'He told me it was all in my head,' claims McGough, 'that I was to stop being stupid and get on with it.' He spent the rest of that year on sick leave and in December his military career came to an end. McGough was discharged, his services 'no longer required'.

'If I had been given a medical discharge, I would have had a pension and help. Instead I got nothing,' he says. 'Since then I worked in a shop briefly, but I couldn't even cope with that.' Today he is being treated by the NHS and has been diagnosed as suffering from Post-Traumatic Stress Disorder (PTSD), for which he takes anti-depressants, anti-psychotics and sleeping tablets.

He receives disability benefits and is currently suing the MoD for medical negligence. 'I feel abandoned,' he says, 'I've just been cast aside. And I was a medic in a medical regiment who went to my medical officer for help. I was basically turned away. If I couldn't get any support, what chance does anyone else have?'

It's a question that's causing considerable concern to the charities and agencies who have the task of looking after veterans of the Iraq and Afghanistan conflicts.

Matters are made worse by the fact that the information from the MoD is so poor. Casualty figures have been desperately slow to emerge, prompting suspicions that the true state of affairs is being played down.

Suspicions have been fuelled by claims that men who have their wounds patched up in the field are ignored in any statistics that do emerge.

Meanwhile, charities such as the Royal British Legion and the Army Benevolent Fund have revealed that the MoD is refusing to supply them with details of casualties — casualties they could help — because it would breach the individuals' rights under the Data Protection Act.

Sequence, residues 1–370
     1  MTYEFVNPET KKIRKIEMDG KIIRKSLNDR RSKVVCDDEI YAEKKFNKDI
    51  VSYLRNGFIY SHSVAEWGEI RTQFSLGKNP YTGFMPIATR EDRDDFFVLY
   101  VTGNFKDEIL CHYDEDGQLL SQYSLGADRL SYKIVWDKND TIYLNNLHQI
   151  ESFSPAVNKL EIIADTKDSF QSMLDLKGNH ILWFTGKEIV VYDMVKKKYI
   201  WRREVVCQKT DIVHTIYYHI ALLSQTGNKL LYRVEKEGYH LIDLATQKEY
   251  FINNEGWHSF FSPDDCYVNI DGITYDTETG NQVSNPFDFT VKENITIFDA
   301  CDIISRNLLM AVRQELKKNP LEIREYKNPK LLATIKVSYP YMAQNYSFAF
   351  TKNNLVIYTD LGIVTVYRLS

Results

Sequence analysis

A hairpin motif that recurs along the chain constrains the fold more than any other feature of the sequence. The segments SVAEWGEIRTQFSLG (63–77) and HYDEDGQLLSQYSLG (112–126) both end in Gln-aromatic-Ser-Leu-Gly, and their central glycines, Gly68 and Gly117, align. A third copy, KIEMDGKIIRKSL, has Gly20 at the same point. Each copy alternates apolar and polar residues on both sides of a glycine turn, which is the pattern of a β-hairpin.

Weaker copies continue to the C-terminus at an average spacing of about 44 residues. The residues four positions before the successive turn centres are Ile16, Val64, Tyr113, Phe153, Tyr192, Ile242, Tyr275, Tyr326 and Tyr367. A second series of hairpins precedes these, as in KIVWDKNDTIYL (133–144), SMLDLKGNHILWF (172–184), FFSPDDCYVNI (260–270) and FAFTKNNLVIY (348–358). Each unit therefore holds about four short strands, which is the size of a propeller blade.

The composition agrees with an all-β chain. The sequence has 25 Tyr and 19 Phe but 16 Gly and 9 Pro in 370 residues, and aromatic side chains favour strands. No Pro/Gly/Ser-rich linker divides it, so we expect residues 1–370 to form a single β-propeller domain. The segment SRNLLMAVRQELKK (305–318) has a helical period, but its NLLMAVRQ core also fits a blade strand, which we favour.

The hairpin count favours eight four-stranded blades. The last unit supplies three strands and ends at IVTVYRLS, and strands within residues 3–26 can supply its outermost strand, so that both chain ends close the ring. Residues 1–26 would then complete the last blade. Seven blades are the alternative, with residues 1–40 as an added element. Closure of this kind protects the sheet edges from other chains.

While the MoD has precise figures for fatalities, there is no equivalent for combat injured — which has led one Tory politician to say: 'The real political hot potato might not be the numbers killed in Iraq, but the numbers wounded in action.'

Last week, the MoD stated that 7,000 British soldiers and civilians have been injured in Iraq since the 2003 invasion, with some 4,438 evacuated to Britain for treatment.

But the MoD has not produced a specific figure for injuries in combat. These figures include everyone — those with illnesses, heart attack victims, those who have suffered accidents and even people who have tripped and broken an ankle. And many believe it is disguising the true extent of combat casualties by hiding them within the figure for all injuries. The MoD has even admitted there is a shortfall in accounting as far as those wounded in action in Iraq are concerned and blames it on 'the heat of the action', poor paperwork and 'lost records'.

But an increasing number feel that the seriously wounded figures from Iraq are being officially swept under the carpet — hidden casualties of an unpopular war.

Of the 119 British deaths in Iraq — the latest, announced yesterday, was a medic serving in Basra — and 40 in Afghanistan, 108 were killed in action (89 in Iraq) according to MoD figures.

But the MoD has comprehensive combat casualty figures only for the first six months of this year and even then only for those treated at the main field hospital at Shaibah. In that period, 35 Britons were admitted 'wounded in action'.

For the 33 months from March 2003 to the start of this year, a period which included the initial invasion, published MoD records show only some 230 Britons treated as wounded in action, almost all at Shaibah.

But the figure does not ring true. There is a huge disparity in the ratios of dead to wounded between the U.S. and UK forces. For every one U.S. soldier killed in action in Iraq, some nine have been wounded, according to published figures. For every British soldier killed, only three have been wounded in action.